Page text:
When she was growing up on her family’s East Montpelier dairy farm, Clara Ayer often rode her horse up the hill to a beautiful stand of tall pines where she later got married. Now, after earning an agriculture degree from Cornell University, Clara has returned to work full-time on the farm where she still treasures the special spot on the hill even though she doesn’t have quite as much time to get up there.
Clara, her brother Ricky, and their first cousin, Tucker Purchase—who also both graduated from Cornell—represent the third generation of family dairy farmers at Fairmont Farm.
Tucker, along with Clara and Ricky’s parents, Richard and Bonnie Hall, are the current principal owners after gradually taking on ownership responsibilities beginning in 2005 from Richard’s parents, John and Donna and their partner and family friend, Austin Cleaves.
To support all the family members, they have grown the farm to include three different locations in East Montpelier and Craftsbury, across which they milk 1,400 registered Holsteins; crop 3,000 acres and have built a breeding program. “I’m most proud that we’ve been able to provide an exit plan for the older generations and make room for next generation,” says Richard, noting that his father has earned the time to focus on writing his farm-based novels.
Each of the younger family members spent time working off the farm in different aspects and scales of agriculture before they came home to the farm with its signature cow weather vane-topped cupola. “Deep down I always dreamed that maybe I’d end up here, but I didn’t know how much room there’d be,” says Clara. “It’s just really nice to be able to work with family. I love the animals, love being outside. You really feel you’ve accomplished something at the end of the day.” Her brother Ricky adds, “I just love working with the cows. It’s rewarding to see animals grow from birth.”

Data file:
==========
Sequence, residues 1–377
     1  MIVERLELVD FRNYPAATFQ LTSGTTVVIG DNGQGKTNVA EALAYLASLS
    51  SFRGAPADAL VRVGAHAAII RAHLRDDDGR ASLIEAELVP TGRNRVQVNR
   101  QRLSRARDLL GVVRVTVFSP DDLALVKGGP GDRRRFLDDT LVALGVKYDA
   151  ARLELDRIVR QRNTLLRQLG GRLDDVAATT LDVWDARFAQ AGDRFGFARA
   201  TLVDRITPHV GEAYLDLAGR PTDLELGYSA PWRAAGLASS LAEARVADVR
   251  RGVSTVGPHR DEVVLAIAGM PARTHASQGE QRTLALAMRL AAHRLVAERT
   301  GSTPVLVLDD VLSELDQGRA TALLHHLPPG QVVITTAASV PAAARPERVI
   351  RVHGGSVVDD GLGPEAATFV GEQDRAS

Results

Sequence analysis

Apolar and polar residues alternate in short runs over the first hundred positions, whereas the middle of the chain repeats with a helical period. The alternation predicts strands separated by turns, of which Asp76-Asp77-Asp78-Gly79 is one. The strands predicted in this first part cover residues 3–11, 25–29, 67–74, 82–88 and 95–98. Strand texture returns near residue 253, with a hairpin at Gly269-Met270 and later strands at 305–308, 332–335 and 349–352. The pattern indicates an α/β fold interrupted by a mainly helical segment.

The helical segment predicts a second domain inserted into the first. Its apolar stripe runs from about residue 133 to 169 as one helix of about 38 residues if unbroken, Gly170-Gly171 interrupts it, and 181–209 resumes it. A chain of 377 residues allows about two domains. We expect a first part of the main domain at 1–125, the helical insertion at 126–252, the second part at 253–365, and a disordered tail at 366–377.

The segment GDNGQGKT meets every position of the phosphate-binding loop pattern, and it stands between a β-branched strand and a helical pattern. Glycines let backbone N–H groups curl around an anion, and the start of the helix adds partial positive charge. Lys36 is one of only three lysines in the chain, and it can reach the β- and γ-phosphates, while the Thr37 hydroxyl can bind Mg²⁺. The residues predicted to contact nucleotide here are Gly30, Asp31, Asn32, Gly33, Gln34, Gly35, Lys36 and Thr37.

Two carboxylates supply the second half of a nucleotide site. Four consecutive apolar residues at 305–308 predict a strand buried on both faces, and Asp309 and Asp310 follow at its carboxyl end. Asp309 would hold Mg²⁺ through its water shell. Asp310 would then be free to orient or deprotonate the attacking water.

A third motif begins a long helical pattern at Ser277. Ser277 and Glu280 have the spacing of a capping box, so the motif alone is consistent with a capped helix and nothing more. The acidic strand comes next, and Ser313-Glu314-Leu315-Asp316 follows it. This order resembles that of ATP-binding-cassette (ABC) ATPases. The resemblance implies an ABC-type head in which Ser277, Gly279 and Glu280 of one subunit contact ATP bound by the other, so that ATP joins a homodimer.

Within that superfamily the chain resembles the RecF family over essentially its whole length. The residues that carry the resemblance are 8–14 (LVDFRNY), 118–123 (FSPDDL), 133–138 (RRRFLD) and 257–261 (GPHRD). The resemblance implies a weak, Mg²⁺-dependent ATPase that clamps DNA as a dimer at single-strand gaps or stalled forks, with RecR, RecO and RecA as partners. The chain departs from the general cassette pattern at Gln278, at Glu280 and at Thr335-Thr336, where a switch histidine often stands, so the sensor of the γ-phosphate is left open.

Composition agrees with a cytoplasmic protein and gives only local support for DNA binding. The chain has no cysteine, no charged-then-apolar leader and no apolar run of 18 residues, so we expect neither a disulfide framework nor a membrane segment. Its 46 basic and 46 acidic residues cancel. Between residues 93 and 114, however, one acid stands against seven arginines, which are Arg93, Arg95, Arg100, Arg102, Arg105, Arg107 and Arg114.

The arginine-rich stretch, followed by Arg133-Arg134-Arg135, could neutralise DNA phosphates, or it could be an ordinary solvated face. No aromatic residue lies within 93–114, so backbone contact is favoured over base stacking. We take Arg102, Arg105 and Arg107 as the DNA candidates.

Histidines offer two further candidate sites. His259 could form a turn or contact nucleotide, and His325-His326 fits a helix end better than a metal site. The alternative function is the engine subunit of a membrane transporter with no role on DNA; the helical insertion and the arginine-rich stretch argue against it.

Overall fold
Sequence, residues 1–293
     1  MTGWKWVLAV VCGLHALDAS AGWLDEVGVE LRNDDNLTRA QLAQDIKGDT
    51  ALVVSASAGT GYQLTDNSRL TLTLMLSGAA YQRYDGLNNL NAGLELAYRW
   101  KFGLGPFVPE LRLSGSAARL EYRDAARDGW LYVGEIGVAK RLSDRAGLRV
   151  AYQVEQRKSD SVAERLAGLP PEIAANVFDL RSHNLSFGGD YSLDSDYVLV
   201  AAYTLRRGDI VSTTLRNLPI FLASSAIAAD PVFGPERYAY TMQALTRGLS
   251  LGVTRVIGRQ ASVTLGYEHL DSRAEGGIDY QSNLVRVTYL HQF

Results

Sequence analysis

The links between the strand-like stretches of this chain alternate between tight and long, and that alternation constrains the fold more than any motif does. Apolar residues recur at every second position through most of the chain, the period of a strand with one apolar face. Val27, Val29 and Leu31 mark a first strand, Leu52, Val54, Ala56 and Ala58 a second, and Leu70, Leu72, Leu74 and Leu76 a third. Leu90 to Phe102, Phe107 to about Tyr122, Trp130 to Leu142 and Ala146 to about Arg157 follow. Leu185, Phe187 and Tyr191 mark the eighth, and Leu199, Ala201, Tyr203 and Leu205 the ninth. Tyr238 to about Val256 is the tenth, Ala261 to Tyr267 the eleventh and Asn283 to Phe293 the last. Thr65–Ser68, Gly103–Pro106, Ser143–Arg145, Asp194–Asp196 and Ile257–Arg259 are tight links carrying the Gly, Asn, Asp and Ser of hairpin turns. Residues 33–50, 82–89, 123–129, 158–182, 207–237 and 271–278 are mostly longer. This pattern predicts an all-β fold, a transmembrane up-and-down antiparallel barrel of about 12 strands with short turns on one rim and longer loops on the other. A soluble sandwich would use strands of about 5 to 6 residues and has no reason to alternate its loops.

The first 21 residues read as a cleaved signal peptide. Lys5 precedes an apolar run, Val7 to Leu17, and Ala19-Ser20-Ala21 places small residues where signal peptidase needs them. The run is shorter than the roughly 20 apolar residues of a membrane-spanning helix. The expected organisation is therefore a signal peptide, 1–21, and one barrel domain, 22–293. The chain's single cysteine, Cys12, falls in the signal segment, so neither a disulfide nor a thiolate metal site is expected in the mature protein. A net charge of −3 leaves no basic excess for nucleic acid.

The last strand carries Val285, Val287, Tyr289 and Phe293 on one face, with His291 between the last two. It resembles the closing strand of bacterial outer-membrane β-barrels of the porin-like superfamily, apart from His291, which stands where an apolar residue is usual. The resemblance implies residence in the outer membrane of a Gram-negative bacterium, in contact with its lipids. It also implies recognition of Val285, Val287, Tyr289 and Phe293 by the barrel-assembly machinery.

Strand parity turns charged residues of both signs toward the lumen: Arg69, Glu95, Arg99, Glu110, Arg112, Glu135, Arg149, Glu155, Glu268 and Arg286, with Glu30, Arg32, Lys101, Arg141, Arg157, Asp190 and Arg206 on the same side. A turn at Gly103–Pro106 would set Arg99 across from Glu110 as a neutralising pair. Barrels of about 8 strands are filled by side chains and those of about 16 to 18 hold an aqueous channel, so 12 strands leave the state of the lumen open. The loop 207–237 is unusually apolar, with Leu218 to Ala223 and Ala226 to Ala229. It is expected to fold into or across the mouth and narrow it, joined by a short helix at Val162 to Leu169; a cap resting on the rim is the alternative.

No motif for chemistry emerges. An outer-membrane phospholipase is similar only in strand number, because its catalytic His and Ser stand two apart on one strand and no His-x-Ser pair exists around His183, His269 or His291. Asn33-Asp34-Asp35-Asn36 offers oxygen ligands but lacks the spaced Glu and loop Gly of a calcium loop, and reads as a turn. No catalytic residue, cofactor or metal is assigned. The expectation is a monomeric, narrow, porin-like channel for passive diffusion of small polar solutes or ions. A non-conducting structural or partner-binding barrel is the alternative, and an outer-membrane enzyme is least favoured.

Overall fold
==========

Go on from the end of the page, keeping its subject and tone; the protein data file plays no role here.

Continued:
Fairmont Farm also plays a strong role in the community, providing employment for about 30 people and sharing their love of farming and the land through educational field trips, hosting a 4-H Club and offering a farm summer camp. Much of the land is conserved with the Vermont Land Trust and the family has transitioned to a no-till cropping system. This method of raising crops eliminates tilling of the soil, which can help build soil health by increasing moisture and nutrient retention as well as living organisms while reducing erosion.
"Sustainability has always been important to us at Fairmont. Right now we are really focused on water quality and soil health.”
Being part of the Agri-Mark co-op also means a lot to the family. “We are big cheese-lovers,” says Clara. “I like contributing to a really good product we can be proud of.” In turn, she adds, “Cabot is really proud of their farmers and that does feel good.”
Visit us: Fairmont Farm, Inc